Introduction The need to cope with an increasingly ageing and multimorbid population has seen a shift towards preventive health and effective management of chronic disease. This places general practice at the forefront of health service provision with an increased demand that impacts on all members of the practice team. As these pressures grow, systems become more complex and tasks delegated across a broader range of staff groups. These include receptionists who play an essential role in the successful functioning of the surgery and are a major influence on patient satisfaction. However, they do so without formal recognition of the clinical implications of their work or with any requirements for training and qualifications.
Methods and analysis Our work consists of three phases. The first will survey receptionists using the validated Work Design Questionnaire to help us understand more precisely the parameters of their role; the second involves the use of iterative focus groups to help define the systems and processes within which they work. The third and final phase will produce recommendations to increase the efficiency and safety of the key practice processes involving receptionists and identify the areas and where receptionists require targeted support. In doing so, we aim to increase job satisfaction of receptionists, improve practice efficiency and produce better outcomes for patients.
Ethics and dissemination Our work will be disseminated using conferences, workshops, trade journals, electronic media and through a series of publications in the peer reviewed literature. At the very least, our work will serve to prompt discussion on the clinical role of receptionists and assess the advantages of using value streams in conjunction with related tools for process improvement.
- PRIMARY CARE
- HEALTH SERVICES ADMINISTRATION & MANAGEMENT
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Strengths and limitations of this study
First study of its type to undertake an assessment of the parameters of receptionist work using the validated Work Design Questionnaire.
We will gain an understanding of the tasks completed, the knowledge needed, the social support received and the context of their work.
This will be the first work to have constructed value stream maps (VSMs) and service blueprints that identify areas of weakness and strength in the clinical processes in which receptionists are involved.
We will make recommendations that aim to improve processes and directly support receptionists.
The integration of rigorous research with state of the art tools of service improvement will itself draw attention to the findings and contribute to the methodology of improvement techniques.
The pressure on primary care in the UK is growing, consultation rates are on the increase and the workload on general practitioners (GPs) is mounting.1 This increased demand impacts on all members of the practice team as time pressures grow, systems become more complex and tasks are increasingly likely to be delegated across a broader range of staff groups.2 These include receptionists who play an essential role in the successful functioning of the surgery and are a major influence on patient satisfaction.3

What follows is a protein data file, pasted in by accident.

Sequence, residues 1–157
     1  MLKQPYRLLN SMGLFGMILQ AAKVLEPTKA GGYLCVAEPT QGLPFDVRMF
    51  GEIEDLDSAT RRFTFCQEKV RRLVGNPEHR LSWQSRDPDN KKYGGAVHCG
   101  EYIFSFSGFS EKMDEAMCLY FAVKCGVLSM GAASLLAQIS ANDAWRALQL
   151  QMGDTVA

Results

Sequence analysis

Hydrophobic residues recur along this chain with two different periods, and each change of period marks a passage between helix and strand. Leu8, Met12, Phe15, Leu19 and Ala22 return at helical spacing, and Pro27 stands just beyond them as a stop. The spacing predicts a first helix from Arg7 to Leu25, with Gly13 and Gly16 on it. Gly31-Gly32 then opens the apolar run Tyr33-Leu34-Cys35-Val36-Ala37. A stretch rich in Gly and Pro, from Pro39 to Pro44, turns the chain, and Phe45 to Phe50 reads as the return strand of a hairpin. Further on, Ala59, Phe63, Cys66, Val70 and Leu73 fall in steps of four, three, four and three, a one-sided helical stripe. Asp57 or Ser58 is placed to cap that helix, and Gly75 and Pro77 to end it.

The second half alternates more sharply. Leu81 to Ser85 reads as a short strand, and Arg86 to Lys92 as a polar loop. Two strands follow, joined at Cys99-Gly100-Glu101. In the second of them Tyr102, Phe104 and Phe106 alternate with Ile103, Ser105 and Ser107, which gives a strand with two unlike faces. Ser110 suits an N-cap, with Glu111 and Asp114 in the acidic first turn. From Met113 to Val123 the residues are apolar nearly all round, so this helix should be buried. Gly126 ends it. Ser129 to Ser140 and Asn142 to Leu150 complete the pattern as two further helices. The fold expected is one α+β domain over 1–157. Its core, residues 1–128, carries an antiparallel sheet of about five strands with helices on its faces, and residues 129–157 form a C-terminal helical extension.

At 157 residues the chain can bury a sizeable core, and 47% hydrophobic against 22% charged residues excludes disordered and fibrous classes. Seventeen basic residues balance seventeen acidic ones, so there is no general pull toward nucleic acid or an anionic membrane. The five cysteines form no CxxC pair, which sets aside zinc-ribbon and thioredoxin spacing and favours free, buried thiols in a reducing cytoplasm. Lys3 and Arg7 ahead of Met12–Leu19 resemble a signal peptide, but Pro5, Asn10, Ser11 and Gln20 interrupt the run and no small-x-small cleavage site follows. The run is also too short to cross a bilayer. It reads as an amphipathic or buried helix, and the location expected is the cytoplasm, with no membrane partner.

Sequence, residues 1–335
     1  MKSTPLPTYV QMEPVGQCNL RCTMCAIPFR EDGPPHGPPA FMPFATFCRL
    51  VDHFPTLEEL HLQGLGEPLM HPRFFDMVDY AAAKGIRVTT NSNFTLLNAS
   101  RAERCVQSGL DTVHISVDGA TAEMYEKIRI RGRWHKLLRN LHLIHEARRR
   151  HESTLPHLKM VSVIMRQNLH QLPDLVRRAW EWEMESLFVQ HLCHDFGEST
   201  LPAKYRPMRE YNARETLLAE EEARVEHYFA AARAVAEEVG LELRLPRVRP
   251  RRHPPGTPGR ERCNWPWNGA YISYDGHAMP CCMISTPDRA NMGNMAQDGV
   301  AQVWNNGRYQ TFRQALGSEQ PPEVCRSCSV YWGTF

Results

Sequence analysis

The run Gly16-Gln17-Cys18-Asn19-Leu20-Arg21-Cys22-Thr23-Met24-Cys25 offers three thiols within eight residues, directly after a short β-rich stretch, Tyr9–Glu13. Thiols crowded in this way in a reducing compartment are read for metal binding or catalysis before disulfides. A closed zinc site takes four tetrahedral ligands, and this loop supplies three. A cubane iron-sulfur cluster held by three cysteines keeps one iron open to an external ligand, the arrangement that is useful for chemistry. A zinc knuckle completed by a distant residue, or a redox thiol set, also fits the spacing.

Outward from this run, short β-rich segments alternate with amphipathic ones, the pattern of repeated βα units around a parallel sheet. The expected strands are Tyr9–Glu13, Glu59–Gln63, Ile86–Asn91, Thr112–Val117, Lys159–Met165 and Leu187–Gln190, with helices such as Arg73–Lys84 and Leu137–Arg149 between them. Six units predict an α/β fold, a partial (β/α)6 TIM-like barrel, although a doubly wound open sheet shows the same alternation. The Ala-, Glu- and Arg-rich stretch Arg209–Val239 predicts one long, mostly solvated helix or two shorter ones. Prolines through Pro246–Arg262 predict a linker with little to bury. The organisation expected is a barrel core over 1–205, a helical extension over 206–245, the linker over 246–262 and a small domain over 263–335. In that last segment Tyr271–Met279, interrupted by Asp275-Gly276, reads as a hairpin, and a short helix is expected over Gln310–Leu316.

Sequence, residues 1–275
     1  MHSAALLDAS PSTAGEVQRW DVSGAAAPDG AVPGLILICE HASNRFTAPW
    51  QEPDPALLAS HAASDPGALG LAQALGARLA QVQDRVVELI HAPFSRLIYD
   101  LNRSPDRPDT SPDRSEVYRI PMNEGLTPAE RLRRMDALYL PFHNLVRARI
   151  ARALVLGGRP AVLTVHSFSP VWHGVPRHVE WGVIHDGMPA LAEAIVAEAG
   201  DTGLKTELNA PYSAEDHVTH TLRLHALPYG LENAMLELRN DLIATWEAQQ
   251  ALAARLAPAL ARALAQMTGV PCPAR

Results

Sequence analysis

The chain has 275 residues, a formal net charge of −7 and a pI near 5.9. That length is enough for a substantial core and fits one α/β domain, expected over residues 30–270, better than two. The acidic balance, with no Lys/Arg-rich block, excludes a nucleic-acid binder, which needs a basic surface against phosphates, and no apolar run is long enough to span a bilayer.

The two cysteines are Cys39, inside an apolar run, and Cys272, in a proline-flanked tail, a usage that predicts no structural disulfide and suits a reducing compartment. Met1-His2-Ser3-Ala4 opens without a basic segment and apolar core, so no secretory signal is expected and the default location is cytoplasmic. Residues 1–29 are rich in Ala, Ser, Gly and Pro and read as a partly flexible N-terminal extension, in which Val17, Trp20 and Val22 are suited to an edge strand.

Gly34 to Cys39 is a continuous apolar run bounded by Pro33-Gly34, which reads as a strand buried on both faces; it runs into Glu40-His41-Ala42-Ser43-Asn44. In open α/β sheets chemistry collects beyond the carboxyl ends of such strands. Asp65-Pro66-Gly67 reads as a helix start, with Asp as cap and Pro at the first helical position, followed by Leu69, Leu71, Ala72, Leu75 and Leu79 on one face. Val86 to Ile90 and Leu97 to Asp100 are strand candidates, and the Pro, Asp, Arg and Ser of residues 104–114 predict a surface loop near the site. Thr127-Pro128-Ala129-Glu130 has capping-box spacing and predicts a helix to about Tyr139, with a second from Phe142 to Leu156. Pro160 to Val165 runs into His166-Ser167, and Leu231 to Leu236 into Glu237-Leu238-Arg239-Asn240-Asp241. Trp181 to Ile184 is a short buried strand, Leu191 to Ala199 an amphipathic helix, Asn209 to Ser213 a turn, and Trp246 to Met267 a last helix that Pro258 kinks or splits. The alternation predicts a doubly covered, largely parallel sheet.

As well as undertaking administrative and clerical duties to ensure the various office systems continue to support the delivery of care, such as filing, maintaining medical records and making appointments,4 ,5 they also undertake functions more directly related to patient health, in particular booking appointments, communicating test results and managing repeat prescriptions. These responsibilities are placed on staff that are not required to undertake any related training, from data protection and information governance to styles of communication.6 The gap between training and the implication of the role has clinical consequences for patients and medicolegal concerns for practices where legal responsibility for errors involving receptionists is vague and where previous litigation has led to an assessment of how that task was designated and the competency of the receptionist involved.7 ,8
Previous work has described how in satisfying these various functions, receptionists experience competing pressures from patients and GPs and feel isolated fulfilling a role with clear responsibility for patient health, often without appropriate support.6 ,9 ,10 In attempting to gain a greater understanding of the role of receptionists, previous research has focussed on their position at the practice front desk and the extent to which they are understood and valued by patients.10 ,11 Fewer studies have examined the relationship with other members of the practice team and how they interact.5